Once a year, mainly during the month of February and due to a climatic phenomenon of abundant rainfall typical of the high-Andean region, the San José de Arica River overflows into the sea. This event brings with it an important amount of sediment that regulates the biological cycle of hundreds of turtles and birds that inhabit the area of the river’s mouth. In its passage through the city, as brief as a carnival, it celebrates its arrival and makes it mark.
The area of Chile’s extreme north known as the fertile coast is an extended sector characterized by streams with estuaries that cross the desert forming “oasis biomes” such as Lluta, Azapa, Vitor, Camarones, and Tana. This macro-zone is of special interest for migratory bird routes as within this zone are the points along the way for rest and feeding before and after crossing the Chilean desert.
The city of Arica is located in the last stretch of one of these oases on its way to the sea, specifically at the mouth of the San José de Azapa River. This last section of the river is a natural corridor that is not particularly noticeable; it is the “product of accumulations of cultural processes and urban needs that usually occur along with transport infrastructures, electricity easements, dismantled industrial sites and urban rivers” (1). Its passage through the city is crossed by different types of road infrastructure. First, there are two railway lines: one that covers the section of Arica-Tacna and another that covers the Arica-La Paz section. Second, there are two highways of national interest that surround the city and connect it with the closest urban centers, Tacna to the north and Iquique to the south. Finally, four streets of the urban grid and five pedestrian bridges can be distinguished along with a Bolivian oil pipeline and water sanitation services below the bridges.
(1) Karl Kullmann, “Thin Parks / Thick Edges: Towards a Linear Park Typology for (post)Infrastructural Sites,” Journal of Landscape Architecture: Jola (2011), p. 70–81.
With a total of approximately 239,000 inhabitants (in addition to a large itinerant population), Arica is the Chilean city with the lowest ratio of public space per person. What is interesting here is the possibility to rethink the relationship between the banks of the San José de Arica River and the city limits. This area should belong to the city’s public-space network, integrating its parts both along the longitudinal routes and in the transverse crossings and stopping points like tambos and canchas (2), integrating this area into a natural corridor that connects the valley of Azapa with the ocean and the city with its geography, strongly contrasted between the scarcity of water resources and the oases of the valleys.
(2) Translator’s note: Tambos were small constructions that served as outposts during the Inca Empire. Canchas were fields where herds were gathered in the time of the Incas.
At present, the urban banks of the San José River are irregularly populated and at risk of landslides during the periodic river washouts associated with the El Niño climatic phenomenon and the rains in the region’s interior, popularly known as Bolivian winter. The cycles of the river and the study of the timing involved, superimposed on the zones that are populated today, generate essential information to design an adequate relationship between the inhabitants and the landscape. This information could be used to establish a pivot, which could improve the quality of life and the connectivity of a large number of people who circulate on and inhabit the river’s banks.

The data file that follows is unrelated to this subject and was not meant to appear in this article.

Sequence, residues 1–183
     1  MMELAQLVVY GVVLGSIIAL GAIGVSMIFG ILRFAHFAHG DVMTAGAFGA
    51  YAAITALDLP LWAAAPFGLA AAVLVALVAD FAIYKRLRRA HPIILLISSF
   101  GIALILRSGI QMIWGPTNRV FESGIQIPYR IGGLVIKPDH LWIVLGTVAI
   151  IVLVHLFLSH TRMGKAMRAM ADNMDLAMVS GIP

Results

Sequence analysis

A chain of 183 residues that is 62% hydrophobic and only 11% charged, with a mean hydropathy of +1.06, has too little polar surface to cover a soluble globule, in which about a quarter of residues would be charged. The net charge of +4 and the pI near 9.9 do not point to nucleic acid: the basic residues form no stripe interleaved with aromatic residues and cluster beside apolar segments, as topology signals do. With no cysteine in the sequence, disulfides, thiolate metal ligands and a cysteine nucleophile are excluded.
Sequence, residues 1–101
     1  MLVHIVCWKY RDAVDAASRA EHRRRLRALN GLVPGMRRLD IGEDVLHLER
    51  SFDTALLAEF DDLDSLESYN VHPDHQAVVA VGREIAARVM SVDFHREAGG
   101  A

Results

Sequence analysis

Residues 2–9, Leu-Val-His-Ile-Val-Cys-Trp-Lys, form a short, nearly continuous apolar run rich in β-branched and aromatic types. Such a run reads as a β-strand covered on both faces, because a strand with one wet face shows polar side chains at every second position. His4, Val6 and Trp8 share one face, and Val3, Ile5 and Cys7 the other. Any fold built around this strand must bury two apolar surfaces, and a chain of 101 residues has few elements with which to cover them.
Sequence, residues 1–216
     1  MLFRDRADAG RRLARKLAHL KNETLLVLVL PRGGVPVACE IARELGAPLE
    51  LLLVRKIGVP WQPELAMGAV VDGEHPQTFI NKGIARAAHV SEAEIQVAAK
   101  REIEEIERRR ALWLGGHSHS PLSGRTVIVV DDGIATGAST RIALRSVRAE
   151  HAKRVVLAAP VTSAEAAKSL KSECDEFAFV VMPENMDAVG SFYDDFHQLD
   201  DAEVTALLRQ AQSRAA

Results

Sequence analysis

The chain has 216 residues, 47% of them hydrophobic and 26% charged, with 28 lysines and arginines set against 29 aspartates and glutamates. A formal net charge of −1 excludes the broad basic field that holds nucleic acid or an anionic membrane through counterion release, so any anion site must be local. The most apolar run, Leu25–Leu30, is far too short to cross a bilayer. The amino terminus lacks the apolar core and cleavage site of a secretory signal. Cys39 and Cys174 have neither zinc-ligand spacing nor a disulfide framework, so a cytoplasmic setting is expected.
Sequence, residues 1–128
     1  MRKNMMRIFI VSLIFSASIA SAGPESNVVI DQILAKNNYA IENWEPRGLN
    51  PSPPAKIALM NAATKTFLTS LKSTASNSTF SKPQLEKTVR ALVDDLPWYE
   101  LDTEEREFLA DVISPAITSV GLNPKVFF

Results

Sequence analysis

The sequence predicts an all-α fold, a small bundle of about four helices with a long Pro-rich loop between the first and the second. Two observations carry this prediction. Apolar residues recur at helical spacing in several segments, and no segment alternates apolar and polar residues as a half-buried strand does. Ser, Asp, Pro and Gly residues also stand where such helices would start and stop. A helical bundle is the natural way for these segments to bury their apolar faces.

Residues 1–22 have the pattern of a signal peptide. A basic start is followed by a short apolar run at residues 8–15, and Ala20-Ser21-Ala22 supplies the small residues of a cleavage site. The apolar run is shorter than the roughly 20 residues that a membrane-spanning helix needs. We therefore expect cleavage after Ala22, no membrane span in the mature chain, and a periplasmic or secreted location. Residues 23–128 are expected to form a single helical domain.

The complexity of producing unity along the river lies in how to open a footprint that can connect the plots defined between the riverbank and the connecting road and transform these into places where people connect with their landscape. At the same time, it should contain the overflow and protect the city and the landscape through a correct implementation of the norms that regulate urban rivers. These norms establish natural spaces to be used exclusively as green areas and/or public spaces. To conceptualize the use of these public spaces, we must imagine that “the concept of ‘urban’ arises from a multiplicity of encounters and that multiplicity requires a certain quantity and diversity” (3).
(3) See Solà-Morales i Rubió, De Cosas Urbanas (Two Urban Things) (Barcelona: Gustavo Gili, 2008). (Translated from Spanish)
No project that aspires to reform the place will be capable of doing so while its contact with the river’s edge contributes to its deteriorated condition. Today, the lack of unity between the riverbank and the city impedes the emergence of reasonable alternatives for urban integration. The new park-wetland project at the river mouth, identified as ground zero, remains a crossing point and the beginning of a route relating culture and landscape. Its design parameters are strongly influenced by the architect and urban planner Manuel de Solà-Morales, when he points out that “in order to intervene in the contemporary city it is necessary to add, to complicate, to insist, to accumulate layer over layer, juxtaposing languages and references. Multiplying traces, although they might seem incompatible, produce unusual neighborhoods that consider both the landscape and the city” (4).
(4) See Solà-Morales i Rubió, Ciudades, Esquinas (Cities, Corners) Barcelona: Forum, 2004. (Translated from the Spanish)
Sebastian Worm is an architect of the Pontifical Catholic University of Chile (2016). The text is a translation of an extract from a thesis project with thesis advisor Arturo Lyon G.: “Reconocimiento del Borde del Río San José por Parte de la Trama Urbana de Arica”. (Recognizing the Banks of the San José River as an Urban Segment of Arica)